While the 175 was initially spared the infamous cost-conscious spec changes of Gibson’s “Norlin era” beginning in 1969, by ’76 it was no longer offered in a single-pickup version and had been dressed down with a laminate neck and Tune-O-Matic bridge to replace the original’s rosewood.
Still a favorite 65 years on, it remains in production including as a reissue, signature model, and with the Epiphone brand, which has an arched back and two Alnico-magnet humbuckers.
2017 Featured Artist
2017 Jazz Player
Allan Holdsworth wasn’t the first guitarist to use legato technique or cascading hammer-ons and pull-offs – yet they are forever associated with his name. In contrast to the muscular alternate picking of John McLaughlin or Steve Howe, Allan dazzled with a violin-like fluidity on the fretboard, weaving complex phrases and stretching the digits on his left hand seven, eight, or nine frets, as if a demented musical spider.
He further mixed the modal harmony of Miles Davis and John Coltrane with the warm overdrive tone of an Eric Clapton and Jeff Beck; it was spectacular and like nothing heard before.
Holdsworth’s liquid style was first noticed in Tempest and then a succession of ’70s fusion-oriented bands like Gong, Soft Machine, Tony Williams New Lifetime, and Jean-Luc Ponty.
Whispers of his genius exploded at the end of the decade, when he joined two hugely influential bands – U.K. and Bruford. Quick enough, the secret was out and young players everywhere spoke of this uncanny Yorkshire musician, considered more wizard than guitar hero. There had been brilliant jazz-rock players before, but none with this kind of freakish dexterity, subtlety, and brazen speed.
In short order, Eddie Van Halen, Frank Zappa, and Rush’s Alex Lifeson began raving about the axeman; around the same time, Allan bolted from his sideman role and launched a solo career that lasted more than 35 years. Early-’80s recordings such as I.O.U., Metal Fatigue, and Road Games became the stuff of fusion legend. The man had created his own improvisational language and almost effortlessly reinvented the electric guitar.
That’s not to say his career was easy. Holdsworth was an artist to a fault, working within his own creative universe, but without much consideration to commercial success. He was known to be sensitive and savagely critical of his own talents, even when there were adoring fans in the audience. When he died suddenly on April 15, 2017, family revealed that he had financial difficulties. His fans rallied and, through a GoFundMe campaign, raised enough money to pay his funeral expenses and then some. For many, it was a way to thank the virtuoso for his gift of music.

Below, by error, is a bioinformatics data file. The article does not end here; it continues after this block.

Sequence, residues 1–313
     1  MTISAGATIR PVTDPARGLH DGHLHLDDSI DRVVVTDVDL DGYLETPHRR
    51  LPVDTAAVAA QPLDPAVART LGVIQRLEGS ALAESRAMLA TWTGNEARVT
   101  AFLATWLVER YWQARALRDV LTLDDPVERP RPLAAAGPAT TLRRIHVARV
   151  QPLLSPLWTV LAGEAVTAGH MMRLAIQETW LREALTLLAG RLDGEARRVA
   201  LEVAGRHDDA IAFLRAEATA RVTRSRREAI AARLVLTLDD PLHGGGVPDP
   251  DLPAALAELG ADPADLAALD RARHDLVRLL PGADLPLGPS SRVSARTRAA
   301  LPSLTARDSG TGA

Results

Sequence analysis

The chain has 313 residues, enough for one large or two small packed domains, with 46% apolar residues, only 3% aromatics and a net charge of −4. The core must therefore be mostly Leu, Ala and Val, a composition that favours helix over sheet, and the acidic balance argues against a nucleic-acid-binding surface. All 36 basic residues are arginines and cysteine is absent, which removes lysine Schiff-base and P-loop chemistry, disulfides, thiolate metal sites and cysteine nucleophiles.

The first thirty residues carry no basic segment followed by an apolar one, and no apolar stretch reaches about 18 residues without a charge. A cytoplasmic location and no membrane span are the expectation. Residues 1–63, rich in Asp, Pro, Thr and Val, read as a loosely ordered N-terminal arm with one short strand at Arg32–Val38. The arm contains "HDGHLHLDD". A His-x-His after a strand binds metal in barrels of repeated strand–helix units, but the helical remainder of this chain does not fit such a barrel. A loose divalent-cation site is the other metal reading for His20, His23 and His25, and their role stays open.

Looking back on this first year without him, guitarists can now stand back and applaud a breathtaking career – Holdsworth truly changed everything, more than he ever knew. Like the title of that famed Bruford album, Holdsworth was simply one of a kind. – Pete Prown
2017 Country Player
The lion’s share of great guitarists, like Glen Campbell, emerged from modest backgrounds.
Born to Arkansas sharecroppers, Campbell learned to play using a Sears guitar and help from an uncle who showed him basic chords. At 18, he left home bound for Albuquerque, where he joined Dick Bills’ Sandia Mountain Boys and cut his teeth playing dance halls, radio, and local TV. In 1960, he moved to Hollywood and earned a spot playing sessions on L.A.’s studio scene as one of the famed Wrecking Crew alongside fellow legends Tommy Tedesco, Bill Pitman, Barney Kessel, Carol Kaye, and Hal Blaine.
“It didn’t matter that he didn’t read music,” said VG contributor Rich Kienzle in his November ’17 remembrance of Campbell. “He played on many classics of that era, from Jan & Dean’s ‘Surf City’ and Wayne Newton’s ‘Danke Schoen,’ to ‘You’ve Lost That Loving Feeling’ by the Righteous Brothers, and ‘Strangers in the Night’ by Frank Sinatra. He also played on notable hits by Elvis Presley, Nancy Sinatra, the Monkees, and Merle Haggard.”
Kienzle further cited Campbell’s 1964-’65, stint replacing Brian Wilson on bass with the Beach Boys, which led to him playing on five tracks for Pet Sounds.
In ’62, Campbell signed a solo contract with Capitol Records and initially focused on bluegrass and instrumental music, followed later by country-pop; his rendition of John Hartford’s “Gentle On My Mind” and Jimmy Webb’s “By The Time I Get To Phoenix” earned him a Grammy in 1967. The ensuing few years saw him score a further handful of hit singles and a second Grammy for his cover of Jimmy Webb’s “Wichita Lineman.” His biggest hits were “Rhinestone Cowboy” in ’75, and “Southern Nights” in ’77.
Campbell embraced Ovation instruments, which launched nearly simultaneous to the 1969 start of his ABC variety program, “The Glen Campbell Goodtime Hour,” and he stood as arguably the brand’s greatest proponent. Later, he often relied on guitars by Epiphone, G&L, and Hamer. The show also presented country-music stars to a huge mainstream audience; on it, Campbell backed a variety of acts and jammed with Jerry Reed and Roy Clark.